Why did you feel the need to have a label when you already had you hands full running the International division, and doing A&R at Interscope?
(The label) became about branding my taste in a way. I am attracted to a certain type of act that is slightly left of centre pop that we can bring the mainstream towards. I like pop music, but I like it with a twist. I was gravitating toward those groups anyway (in my signings). Jimmy encouraged me to brand (signings with a label). The label created this comfort level that attracted artists like Feist. That’s why I think I did it. I also liked the idea of running a boutique label. It’s rewarding.
Had you been aware of Feist through her working with Broken Social Scene?
Actually, no. I knew about her from my European colleagues. My friend Jean-Philippe Allard, who was running PolyGram France, had signed her for the world. She was living in France at the time. She was making the record with (producer) Renaud Letang that became “Let It Die,” and Jean-Philippe signed her. I also heard about her through David Joseph (then co-president of Polydor Records and president of Universal Music Operations in the UK). He’d gotten a letter from Jean-Philippe as well about Feist. So I heard about her from both of them.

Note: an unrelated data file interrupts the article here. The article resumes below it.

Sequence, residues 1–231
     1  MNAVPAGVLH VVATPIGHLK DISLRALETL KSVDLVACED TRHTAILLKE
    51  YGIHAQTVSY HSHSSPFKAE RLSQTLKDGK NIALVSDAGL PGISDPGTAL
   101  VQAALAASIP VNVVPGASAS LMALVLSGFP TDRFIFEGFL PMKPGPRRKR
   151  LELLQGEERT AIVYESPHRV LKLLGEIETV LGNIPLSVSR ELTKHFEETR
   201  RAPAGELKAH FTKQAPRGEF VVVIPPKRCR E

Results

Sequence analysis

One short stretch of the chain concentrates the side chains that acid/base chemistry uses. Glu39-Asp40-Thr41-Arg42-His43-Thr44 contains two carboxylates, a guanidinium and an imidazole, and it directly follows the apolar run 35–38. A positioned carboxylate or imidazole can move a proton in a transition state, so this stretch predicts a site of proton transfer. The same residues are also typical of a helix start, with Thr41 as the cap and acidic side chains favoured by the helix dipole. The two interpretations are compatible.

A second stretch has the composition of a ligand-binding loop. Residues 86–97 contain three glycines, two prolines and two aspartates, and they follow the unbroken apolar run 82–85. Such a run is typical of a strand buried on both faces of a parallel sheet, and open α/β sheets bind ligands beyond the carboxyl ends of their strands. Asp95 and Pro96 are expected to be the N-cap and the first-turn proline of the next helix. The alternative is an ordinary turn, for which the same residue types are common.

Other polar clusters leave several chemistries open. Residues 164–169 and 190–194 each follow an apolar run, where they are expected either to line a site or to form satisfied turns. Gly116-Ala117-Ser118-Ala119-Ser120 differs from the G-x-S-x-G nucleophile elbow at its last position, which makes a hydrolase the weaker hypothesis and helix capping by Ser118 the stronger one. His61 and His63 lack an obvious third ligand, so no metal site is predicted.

When you finally heard one of Feist’s demos, how did you react?
I flipped out for her voice, I and went to see her right way in a little club in Rotterdam. To me, her voice is very intimate. It has a bit of reediness. It has this breathiness. It’s my favourite kind of voice. it is almost impossible that it exists but it just does. I saw her, and I flipped out again. The club was jam packed with people hanging off the stairwells. She was playing with just her guitar and (using) some effect pedals, doing the delay thing she does. But she had the swagger of a matador. I always call her “The Matador” and she laughs. But she has this toreador thing, this magnetic presence.
You are one of the few people at an American label that is a true internationalist. What’s your background?
I spent my formative years -- high school and college -- in Michigan. My parents are both from Argentina so I lived there. My first language is Spanish. I’ve always spoken Spanish at home; I still do. (After college), I ended up moving to LA from Michigan. I put everything in my car and drove out here.